What important symbols and ritual practices did you observe in the film "Return to Belaye"? Did you find any interesting comparisons or contrasts with the coming-of-age rituals in "Masai Women"? How did the change from traditional animist beliefs to Muslim practices affect the ritual practices of this society?
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One noticeable ritual practice was the dance the men (and some women) performed together to celebrate Papis Goudiaby's return to the village of the Jola people for his rite of passage into manhood, to be performed in perpetual secret in the forest. The dance, which seemed to spread out to any location to which the dancer wanted to go, had a seemingly unique slow-motion-type style and a loping-like gait (to lope: to move with a slow, swinging, long stride).
Another noticeable ritual practice was the dance trance Papis fell into, which was especially noticeable when he embraced his father but, to his dismay, was pushed away. This provoked great ire and hurt that were visible in Papis's eyes, but there was also visible in his eyes symptoms of a trance-like state induced by the repetitive group dance. His father's rejection also prompted him to say: "I went to the white man's land, but I came back."
While Papis and others had adopted Islam, and become Muslims, as Papis says, the older ones still embraced animism. In his interview, Papis recounts that there were those in the village who doubted his continued respect of the animism fetishes worshiped by the villagers and that one of his goals was to show, while a Muslim, he still respected the fetishes. Since the rite of passage into manhood was an animist ritual, and since the Pare's family had organized the rite for many, many distant generations--though there had not been a rite held since the 1960s (before the time of Papis' birth)--it is fair to say that Muslim practices had exerted a strong restraining influence on the display, beliefs and practices of traditional animist beliefs. Nonetheless, the fetishes still stood in and around the village, animism was still past down to children, and rituals were still remembered and revered even if not practiced, though the Pare had promised himself that the rite of manhood would be performed for the young village men before he died. One contrast is that Maasai rituals and rites of passage are not diluted or influenced by religious beliefs or practices of religions originating outside of Massai Africa.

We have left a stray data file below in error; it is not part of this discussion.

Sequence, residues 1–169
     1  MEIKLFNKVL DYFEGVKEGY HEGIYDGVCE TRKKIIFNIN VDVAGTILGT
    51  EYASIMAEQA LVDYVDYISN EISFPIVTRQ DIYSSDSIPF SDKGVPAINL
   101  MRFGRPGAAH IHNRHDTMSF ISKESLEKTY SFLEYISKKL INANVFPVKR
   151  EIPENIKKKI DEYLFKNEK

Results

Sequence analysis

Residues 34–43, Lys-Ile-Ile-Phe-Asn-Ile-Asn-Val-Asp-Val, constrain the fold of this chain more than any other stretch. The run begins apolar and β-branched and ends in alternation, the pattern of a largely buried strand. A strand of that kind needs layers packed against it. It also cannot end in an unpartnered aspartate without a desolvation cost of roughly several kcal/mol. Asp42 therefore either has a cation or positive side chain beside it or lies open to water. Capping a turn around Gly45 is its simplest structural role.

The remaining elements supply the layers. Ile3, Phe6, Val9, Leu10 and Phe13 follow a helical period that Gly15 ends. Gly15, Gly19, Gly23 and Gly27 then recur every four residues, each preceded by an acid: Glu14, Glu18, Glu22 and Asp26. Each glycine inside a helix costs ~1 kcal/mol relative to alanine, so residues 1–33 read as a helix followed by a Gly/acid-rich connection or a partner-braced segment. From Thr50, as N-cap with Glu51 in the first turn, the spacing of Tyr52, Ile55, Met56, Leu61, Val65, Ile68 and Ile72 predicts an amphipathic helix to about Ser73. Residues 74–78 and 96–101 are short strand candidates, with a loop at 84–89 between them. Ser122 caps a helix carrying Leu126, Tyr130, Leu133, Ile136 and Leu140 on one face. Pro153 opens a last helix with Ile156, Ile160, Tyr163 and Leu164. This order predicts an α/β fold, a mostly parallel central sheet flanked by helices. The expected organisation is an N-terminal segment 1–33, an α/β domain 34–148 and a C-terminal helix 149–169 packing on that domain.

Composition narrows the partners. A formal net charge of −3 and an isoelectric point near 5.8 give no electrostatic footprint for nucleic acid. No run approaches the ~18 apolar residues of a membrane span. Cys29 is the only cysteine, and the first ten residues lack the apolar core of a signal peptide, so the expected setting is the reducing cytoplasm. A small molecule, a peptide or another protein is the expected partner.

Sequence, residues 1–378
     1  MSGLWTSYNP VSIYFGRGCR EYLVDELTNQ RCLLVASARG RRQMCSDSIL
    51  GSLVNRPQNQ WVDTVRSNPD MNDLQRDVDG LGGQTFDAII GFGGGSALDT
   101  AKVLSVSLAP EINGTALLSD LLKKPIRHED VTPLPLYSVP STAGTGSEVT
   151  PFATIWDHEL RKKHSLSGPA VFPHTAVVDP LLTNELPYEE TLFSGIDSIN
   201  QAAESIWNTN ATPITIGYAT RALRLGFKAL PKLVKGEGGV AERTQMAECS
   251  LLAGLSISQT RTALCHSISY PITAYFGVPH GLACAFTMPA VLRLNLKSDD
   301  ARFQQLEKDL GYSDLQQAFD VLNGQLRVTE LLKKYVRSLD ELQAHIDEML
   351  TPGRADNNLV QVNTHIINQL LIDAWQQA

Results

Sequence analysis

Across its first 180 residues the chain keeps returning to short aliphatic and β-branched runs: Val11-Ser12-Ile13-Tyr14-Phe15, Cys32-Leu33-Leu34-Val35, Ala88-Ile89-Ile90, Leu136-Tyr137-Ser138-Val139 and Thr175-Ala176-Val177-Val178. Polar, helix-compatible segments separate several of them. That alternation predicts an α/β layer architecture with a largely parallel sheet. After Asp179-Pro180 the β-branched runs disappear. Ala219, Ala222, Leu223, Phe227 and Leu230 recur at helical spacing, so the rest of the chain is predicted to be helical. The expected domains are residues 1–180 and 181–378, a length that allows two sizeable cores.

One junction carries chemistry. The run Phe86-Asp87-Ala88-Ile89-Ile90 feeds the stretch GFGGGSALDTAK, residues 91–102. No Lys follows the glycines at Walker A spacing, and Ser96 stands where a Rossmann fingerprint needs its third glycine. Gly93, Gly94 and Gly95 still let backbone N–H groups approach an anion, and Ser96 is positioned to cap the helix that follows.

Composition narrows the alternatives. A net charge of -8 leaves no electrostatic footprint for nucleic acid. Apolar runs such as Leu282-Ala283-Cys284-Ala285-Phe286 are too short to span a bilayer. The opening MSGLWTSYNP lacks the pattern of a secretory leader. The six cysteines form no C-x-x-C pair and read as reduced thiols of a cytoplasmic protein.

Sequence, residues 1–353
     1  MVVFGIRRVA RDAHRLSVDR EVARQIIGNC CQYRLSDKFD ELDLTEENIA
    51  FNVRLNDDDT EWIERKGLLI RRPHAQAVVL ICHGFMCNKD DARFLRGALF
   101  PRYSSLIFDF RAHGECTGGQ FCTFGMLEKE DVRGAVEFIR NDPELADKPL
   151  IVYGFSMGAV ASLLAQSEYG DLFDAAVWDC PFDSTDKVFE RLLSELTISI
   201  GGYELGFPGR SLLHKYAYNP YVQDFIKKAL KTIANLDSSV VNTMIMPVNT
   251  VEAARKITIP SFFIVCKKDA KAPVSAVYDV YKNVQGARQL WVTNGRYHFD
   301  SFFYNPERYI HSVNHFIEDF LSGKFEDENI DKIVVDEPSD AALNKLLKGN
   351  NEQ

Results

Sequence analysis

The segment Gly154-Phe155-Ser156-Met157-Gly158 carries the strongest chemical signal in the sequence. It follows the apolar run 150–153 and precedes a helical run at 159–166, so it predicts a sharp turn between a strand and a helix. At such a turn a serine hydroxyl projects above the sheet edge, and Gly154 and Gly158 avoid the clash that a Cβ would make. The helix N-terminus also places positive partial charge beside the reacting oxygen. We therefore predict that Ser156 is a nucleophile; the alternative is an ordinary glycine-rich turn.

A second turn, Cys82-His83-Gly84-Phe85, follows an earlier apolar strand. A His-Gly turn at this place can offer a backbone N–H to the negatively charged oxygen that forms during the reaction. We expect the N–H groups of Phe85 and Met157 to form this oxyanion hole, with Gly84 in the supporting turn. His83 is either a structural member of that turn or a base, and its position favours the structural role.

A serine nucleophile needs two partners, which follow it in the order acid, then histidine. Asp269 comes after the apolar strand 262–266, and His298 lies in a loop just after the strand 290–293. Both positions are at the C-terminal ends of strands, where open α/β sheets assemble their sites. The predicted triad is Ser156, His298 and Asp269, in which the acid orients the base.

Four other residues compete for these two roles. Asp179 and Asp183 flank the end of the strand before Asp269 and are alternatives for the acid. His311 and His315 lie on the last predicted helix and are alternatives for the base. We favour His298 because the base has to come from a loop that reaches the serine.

A significant problem that Westerners see with some tribal rites of passage is that they violate Western beliefs about the sanctity of life and body and violate current scientific focus on such things as ecological practice. An example of this is the Maasai men's Enkang oo-nkiri bull ceremony, which has many significant implications for manhood and male-female relationships. At the Enkang oo-nkiri, men feast on the bull while it is in its raw form; this feasting proves the prowess of each man and none would dare flinch from this ceremony. Also at this ceremony, men grab the skin of the dead bull to mystically determine if their woman has had an affair with a man in a different "age set" (a woman's age set is determined by her husband's age set). A much publicized and argued example of how African tribal rites of passage violate Western ideas is the Maasai women's rite of female circumcision, which is intended to ensure moral sexual conduct after marriage and for which the prospective husband usually pays.
DER Documentary: Maasai Women
DER Documentary: Return to Belaye: A Rite of Passage
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